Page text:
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  • Negative Questions, Question Tags, and Emphatic Do: How to Improve Your Credit Score (Review)

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    • まだ終わっていないレッスン
    • 中級者
    • Negative question
    • Question tag
    • Emphatic do

    Negative question Question tag Emphatic do

    • レッスン開始
  • 概要

    Review the conversation "How to Improve Your Credit Score". Do multiple choice questions to review question tags and the new vocabulary that you just learned.

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How to Improve Your Credit Score

(1) Ashley: Listen
I've been thinking of buying a new car and I may need to apply for a [vocab word=loan]loan[/vocab]. But I'm afraid my [vocab word=credit score]credit score[/vocab] is too low.

Credit scores can range from 300 to 900. The higher the number, the more banks and lenders will trust you. You get higher scores when you prove yourself to be financially responsible.

(2) Julian: Listen
Isn't your credit score good?

This is a negative question. Julian believes Ashley's credit score is good, so he is asking a negative question to confirm his belief. If he hadn't anticipated an answer, he would have asked, "Is your credit score good?"

(3) Ashley: Listen
I believe it's lower now. I did miss a few credit card [vocab word=payment]payments[/vocab] recently.

"did" is an emphatic do. Ashley is emphasizing the verb "miss".

(4) Julian: Listen
I see. Late payments do affect your credit score[vocab word=negatively]negatively[/vocab].
(5) Ashley: Listen
I should've paid all my bills on time. I regret it now.
(6) Julian: Listen
Nobody is perfect, are they? The good news is, credit scores aren't permanent and can be improved.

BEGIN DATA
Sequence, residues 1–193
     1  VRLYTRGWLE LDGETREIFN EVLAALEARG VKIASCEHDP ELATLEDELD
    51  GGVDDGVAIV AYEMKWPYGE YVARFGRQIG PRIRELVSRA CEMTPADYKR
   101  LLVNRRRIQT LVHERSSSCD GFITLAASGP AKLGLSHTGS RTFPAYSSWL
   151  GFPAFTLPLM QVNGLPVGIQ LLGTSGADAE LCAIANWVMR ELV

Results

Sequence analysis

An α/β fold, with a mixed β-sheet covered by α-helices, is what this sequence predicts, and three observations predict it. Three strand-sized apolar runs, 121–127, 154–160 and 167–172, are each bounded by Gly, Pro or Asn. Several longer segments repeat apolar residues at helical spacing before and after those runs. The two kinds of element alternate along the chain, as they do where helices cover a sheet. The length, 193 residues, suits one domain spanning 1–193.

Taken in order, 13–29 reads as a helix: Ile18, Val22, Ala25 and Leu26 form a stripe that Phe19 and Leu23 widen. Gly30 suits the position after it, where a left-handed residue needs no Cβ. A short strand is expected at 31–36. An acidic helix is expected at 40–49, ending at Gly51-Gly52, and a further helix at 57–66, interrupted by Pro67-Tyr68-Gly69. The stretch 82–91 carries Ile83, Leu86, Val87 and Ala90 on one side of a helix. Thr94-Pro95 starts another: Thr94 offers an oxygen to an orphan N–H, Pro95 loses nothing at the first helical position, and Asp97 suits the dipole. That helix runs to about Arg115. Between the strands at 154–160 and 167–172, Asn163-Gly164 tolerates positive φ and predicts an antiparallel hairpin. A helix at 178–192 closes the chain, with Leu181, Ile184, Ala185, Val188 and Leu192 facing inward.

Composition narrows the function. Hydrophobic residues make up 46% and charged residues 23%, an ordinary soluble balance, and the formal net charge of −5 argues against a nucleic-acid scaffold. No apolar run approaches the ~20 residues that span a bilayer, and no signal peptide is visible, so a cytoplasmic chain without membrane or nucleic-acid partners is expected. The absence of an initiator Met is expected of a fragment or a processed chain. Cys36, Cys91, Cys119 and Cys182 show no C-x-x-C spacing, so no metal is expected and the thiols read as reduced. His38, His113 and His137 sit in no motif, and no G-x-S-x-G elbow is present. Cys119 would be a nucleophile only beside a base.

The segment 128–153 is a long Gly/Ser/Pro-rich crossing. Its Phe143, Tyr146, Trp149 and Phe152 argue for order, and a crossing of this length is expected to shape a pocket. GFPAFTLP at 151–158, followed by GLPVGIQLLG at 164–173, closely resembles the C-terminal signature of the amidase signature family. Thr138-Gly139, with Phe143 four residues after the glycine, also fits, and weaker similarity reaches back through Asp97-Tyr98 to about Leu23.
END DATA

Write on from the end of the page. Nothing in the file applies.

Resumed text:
When the subject is "nobody", "no one", "everybody", "everyone", we use the question tag "are they?" or "do they?"

(7) Ashley: Listen
I'm not quite sure how to do that.
(8) Julian: Listen
You can [vocab word=pay off]pay off[/vocab] your [vocab word=debt]debts[/vocab], first of all. You have to pay them off anyways, don't you?
(9) Ashley: Listen
I sure do! But aren't there more ways to increase my credit rating?

"Aren't there more ways to ...?" is a negative question. Ashley believes there are more ways to increase her credit rating.

(10) Julian: Listen
Absolutely. For example, you can keep your credit card debt low. If your credit card [vocab word=limit]limit[/vocab] is $10000, borrow no more than $1000. Low credit card debt shows that you are not relying on your credit card too much.
(11) Ashley: Listen
That makes sense.

This means she understands it.

(12) Julian: Listen
Also, don't get too many credit cards at once. You never apply for three or four credit cards in a short [vocab word=span]span[/vocab] of time, do you?

If the sentence has "never", use a positive question tag like "do you?" or "are you?"

(13) Ashley: Listen
No, I never do that. I have enough credit cards already.
(14) Julian: Listen
Good, because too many credit [vocab word=application]applications[/vocab] can affect your score negatively. Finally, I assume you pay your mortgage on time?
(15) Ashley: Listen
... I've been late a [vocab word=couple]couple[/vocab] of times, [vocab word=actually]actually[/vocab]. I'm pretty [vocab word=irresponsible]irresponsible[/vocab], aren't I?

When the sentence has "am", use the question tag "aren't" (not "am not"). E.g. I am ..., aren't I?

(16) Julian: Listen
Everyone goes through a hard time. Are you paying the mortgage on time now?
(17) Ashley: Listen
Yes, I am. My husband has just found a new job, so we are getting our [vocab word=finance]finances[/vocab] back in order.
(18) Julian: Listen
Good! Don't worry, then. You will improve your credit score. Just continue paying your mortgage and credit card bills on time, and you'll be fine.
(19) Ashley: Listen
Thank you for your advice, Julian. I certainly will.
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